Guest blog by Andrew Towers, LGBT Action Development Worker, Hart Gables
Last month I was on a bus on Stockton High Street. We were parked at a bus stop. I shouldn’t judge on appearances but the two people who were sitting right in front of me looked like a respectable young couple. They were smartly dressed and soft-spoken. They were laughing between themselves, looking at the woman’s mobile phone. Then they lifted the phone and took a picture through the bus window.
I then noticed that they were taking pictures of a gender variant person sitting at the bus stop. While the bus stood there, they took three or four photos, looking at the photos between them and laughing at each one.
I’m a big wuss and hate confrontation, but as a trans person myself, and someone who works supporting vulnerable members of the LGBT+ community, I was so astounded at their behaviour that I asked them why they were doing such a thing. The woman said, ‘It’s what everyone would do, isn’t it?’ She also said, ‘Look, everyone else on the bus is doing the same thing.’
Why is it that we’re living in a situation where ‘ordinary’ people are viewing mockery of the LGBT+ community, or indeed anyone who appears to be ‘different’ to them, as the norm? Why were those people so mystified at being called out in their behaviour?
On June 27th 2019 BBC News reported that transphobic hate crimes recorded by the Police in the UK rose by 81% between 2016 and 2017. One of the biggest issues our trans+ and non-binary service users face, is microaggressions such as the one I witnessed – people laughing, pointing and taking photos – often on a daily basis. This is the reality of being trans today, here in the UK, when you don’t have what is sometimes called ‘passing privilege’ – when people look at you and perceive you as trans, or perceive your gender presentation to be ‘unusual’.
I have ‘passing privilege’ now. I remember what it was like not to have it. To be called ‘he-she’, have questions like, ‘Are you a boy or a girl’ shouted at me by strangers in the street, to have strangers ask me intrusive questions about what’s between my legs; to feel frightened in public spaces. That this continues in 2019 is unacceptable. Some strongly believe the media, in particular, the tabloid press, is feeding into this toxic attitude towards trans and non-binary people. We are a topic of ‘debate’ on morning television. Misinformation about transition pathways for young people spreads fear. Social media is a difficult thing to read and engage with, as a trans person, or a trans ally, without encountering hate-filled, degrading and dehumanising messages at every term.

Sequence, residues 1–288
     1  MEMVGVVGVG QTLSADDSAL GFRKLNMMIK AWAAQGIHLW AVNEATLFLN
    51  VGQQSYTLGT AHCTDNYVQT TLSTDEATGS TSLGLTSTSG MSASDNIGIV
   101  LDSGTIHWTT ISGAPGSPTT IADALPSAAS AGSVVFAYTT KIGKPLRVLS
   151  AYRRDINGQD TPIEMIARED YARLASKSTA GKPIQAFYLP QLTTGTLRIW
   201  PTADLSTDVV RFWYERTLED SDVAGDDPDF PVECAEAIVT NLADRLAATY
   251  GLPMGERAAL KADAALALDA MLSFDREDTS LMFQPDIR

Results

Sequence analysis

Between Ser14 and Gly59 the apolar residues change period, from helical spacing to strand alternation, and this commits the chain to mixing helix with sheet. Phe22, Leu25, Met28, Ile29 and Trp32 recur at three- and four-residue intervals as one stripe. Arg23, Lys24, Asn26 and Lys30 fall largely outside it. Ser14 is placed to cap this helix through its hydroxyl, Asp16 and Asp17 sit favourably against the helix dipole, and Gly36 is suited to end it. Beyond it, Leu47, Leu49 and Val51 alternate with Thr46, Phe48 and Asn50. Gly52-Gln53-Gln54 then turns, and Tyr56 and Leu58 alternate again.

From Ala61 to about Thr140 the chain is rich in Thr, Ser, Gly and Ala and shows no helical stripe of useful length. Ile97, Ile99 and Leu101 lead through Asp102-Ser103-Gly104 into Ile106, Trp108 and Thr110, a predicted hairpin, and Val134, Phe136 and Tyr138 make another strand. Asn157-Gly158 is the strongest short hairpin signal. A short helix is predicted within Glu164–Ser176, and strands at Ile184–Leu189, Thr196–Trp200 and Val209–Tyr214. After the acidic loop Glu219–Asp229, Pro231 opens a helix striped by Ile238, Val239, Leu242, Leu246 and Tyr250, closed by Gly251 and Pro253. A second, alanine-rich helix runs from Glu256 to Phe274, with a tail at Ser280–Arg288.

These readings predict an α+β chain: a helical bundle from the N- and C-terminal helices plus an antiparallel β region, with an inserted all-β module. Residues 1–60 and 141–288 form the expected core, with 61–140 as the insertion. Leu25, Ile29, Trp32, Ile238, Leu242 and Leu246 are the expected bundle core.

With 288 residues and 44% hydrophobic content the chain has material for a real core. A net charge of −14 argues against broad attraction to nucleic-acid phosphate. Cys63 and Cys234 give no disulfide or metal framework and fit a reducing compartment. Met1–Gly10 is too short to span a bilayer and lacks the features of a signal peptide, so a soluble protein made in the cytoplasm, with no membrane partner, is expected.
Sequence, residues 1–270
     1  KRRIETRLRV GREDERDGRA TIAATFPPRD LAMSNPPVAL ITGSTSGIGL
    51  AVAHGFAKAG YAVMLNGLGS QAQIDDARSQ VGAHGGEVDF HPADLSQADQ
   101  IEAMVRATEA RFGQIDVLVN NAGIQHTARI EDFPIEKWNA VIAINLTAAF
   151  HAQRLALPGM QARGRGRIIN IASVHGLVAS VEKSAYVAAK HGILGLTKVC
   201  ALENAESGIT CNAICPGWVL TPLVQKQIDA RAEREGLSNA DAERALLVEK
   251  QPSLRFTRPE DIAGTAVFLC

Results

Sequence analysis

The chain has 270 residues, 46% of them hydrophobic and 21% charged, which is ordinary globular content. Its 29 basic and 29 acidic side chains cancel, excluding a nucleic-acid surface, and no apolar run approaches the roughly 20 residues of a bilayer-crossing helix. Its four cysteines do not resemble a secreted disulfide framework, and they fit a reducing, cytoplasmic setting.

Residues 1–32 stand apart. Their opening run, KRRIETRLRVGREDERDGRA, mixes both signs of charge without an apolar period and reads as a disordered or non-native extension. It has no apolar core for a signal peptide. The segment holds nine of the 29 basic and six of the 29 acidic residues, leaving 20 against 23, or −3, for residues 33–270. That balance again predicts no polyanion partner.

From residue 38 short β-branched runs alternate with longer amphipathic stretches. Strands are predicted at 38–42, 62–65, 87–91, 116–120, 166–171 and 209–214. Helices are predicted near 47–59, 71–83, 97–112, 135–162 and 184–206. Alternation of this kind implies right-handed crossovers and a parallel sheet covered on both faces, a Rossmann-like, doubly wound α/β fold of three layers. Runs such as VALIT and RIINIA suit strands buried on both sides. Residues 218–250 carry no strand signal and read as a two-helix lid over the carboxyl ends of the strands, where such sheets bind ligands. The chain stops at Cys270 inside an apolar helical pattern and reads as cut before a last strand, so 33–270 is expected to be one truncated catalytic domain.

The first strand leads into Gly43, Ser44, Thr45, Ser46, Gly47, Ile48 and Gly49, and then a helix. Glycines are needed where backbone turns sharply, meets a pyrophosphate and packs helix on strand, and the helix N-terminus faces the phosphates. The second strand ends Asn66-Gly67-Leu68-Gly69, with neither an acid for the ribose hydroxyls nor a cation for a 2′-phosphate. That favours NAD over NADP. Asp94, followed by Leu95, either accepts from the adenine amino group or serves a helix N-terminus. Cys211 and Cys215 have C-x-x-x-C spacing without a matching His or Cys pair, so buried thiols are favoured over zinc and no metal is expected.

It’s vital that we address transphobic, homophobic, biphobic or non-binary phobic behaviour – call it out and challenge it (safely) when we see it – otherwise, we feed into the perception that it is acceptable; expected; ‘normal’.
Hart Gables, the charity for which I work, is a Third-Party Reporting Centre. We would urge any victim of an anti-LGBT hate incident or hate crime, who would like support through the reporting process, to get in touch either with us, or with one of the other third-party reporting centres in the region. Some people who are LGBT+ might find it easier to speak to a service that is LGBT-specific, or one that they already know and have engaged with in the past.
Hart Gables provides safe spaces for the LGBT community to meet, socialise and talk about the issues they are facing. But that we still need these safe spaces proves that many LGBT+ people across Teesside do not feel safe in public. In recognising anti-LGBT hate crime for what it is, and working towards pathways of reporting that LGBT+ people can easily access, we work towards a future in which we all feel safe, whatever space we’re in.